Like all of Hollywood, the coronavirus quarantine has thrown the Oscars into tumult. For years, the Academy of Motion Picture Arts and Sciences has seen itself as the defender of the theatrical experience, and has been loath to give up its rule mandating that films must play for a week in a Los Angeles theater if they want to be eligible for a nomination. But now all the theaters are closed, and California governor Gavin Newsom says it will be “months” before they reopen. What’s an awards body to do?

On Tuesday, we got our answer, as the Oscars decided to put aside its qualms and open this year’s field to movies that debuted on a streaming platform or on demand. After emphasizing for years the primacy of theatrical releases, the Academy had its hand forced by the uncertain length of the shutdown: Either change the rules to accommodate digital releases, or risk an Oscars where only two and a half months of films were eligible. As much as I would have loved to hear the words “Best Picture Nominee Birds of Prey,” the former was the better option.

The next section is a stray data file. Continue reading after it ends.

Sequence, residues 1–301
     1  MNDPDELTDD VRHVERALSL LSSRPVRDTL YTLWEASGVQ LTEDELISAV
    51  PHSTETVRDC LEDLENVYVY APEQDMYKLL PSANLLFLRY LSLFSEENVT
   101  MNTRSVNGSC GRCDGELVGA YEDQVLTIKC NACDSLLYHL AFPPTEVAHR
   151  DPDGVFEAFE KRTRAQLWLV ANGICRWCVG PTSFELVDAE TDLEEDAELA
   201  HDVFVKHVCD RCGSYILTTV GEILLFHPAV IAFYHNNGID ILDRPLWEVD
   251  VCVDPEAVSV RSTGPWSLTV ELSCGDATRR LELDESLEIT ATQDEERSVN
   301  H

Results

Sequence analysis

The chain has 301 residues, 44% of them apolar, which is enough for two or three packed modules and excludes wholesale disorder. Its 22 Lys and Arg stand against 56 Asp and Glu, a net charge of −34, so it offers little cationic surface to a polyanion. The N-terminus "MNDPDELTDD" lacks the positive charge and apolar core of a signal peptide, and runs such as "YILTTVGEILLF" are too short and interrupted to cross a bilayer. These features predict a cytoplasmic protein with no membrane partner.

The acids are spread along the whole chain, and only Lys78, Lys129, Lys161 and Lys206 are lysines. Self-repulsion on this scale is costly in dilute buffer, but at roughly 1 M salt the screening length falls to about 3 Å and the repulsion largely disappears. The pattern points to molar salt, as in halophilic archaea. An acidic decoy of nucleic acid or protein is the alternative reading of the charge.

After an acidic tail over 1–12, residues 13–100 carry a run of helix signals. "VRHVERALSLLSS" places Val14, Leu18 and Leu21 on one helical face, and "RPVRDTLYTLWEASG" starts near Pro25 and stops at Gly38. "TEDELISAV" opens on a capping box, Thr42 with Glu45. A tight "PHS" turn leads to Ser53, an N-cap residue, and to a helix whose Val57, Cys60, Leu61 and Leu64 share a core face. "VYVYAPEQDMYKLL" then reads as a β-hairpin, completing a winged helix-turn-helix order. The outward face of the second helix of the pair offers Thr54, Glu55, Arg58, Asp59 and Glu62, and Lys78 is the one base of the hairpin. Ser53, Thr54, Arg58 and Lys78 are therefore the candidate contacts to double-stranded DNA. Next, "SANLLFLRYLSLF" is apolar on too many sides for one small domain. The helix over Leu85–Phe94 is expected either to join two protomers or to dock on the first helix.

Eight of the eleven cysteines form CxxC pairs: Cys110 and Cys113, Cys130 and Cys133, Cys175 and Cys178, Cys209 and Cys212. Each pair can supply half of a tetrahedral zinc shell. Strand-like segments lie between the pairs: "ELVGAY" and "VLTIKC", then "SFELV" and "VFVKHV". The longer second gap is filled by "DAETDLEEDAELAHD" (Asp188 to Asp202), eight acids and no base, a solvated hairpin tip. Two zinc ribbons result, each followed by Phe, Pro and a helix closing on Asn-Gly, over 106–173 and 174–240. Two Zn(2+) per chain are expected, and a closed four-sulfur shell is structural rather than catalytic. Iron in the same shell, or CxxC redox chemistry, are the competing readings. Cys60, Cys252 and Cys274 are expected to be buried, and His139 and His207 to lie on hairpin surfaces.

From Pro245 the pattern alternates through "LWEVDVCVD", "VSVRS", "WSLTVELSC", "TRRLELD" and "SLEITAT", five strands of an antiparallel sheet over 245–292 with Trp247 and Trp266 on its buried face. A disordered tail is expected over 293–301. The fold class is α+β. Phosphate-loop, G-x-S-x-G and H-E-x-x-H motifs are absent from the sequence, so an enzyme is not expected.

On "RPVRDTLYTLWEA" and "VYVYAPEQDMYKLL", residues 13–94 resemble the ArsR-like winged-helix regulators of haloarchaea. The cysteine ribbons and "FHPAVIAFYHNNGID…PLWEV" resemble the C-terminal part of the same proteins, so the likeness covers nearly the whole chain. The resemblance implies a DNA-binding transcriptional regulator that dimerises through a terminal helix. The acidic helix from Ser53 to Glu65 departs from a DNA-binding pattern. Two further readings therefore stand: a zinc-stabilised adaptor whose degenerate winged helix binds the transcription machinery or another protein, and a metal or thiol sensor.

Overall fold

However, the Oscars being Thee Oscars, not every streaming project will be eligible. To be nominated, movies would still need to have had a scheduled theatrical release before the world turned upside down. So no The Last Dance and no Bad Education (despite the fact that it played last year’s TIFF). But films that previously hovered in a zone of uncertainty, like Never Rarely Sometimes Always and Promising Young Woman, have now received confirmation that they will indeed be able to compete. Justin Timberlake can breathe easy, too, as Trolls World Tour’s VOD release has not prevented “The Other Side” from becoming the early front-runner for Best Original Song.

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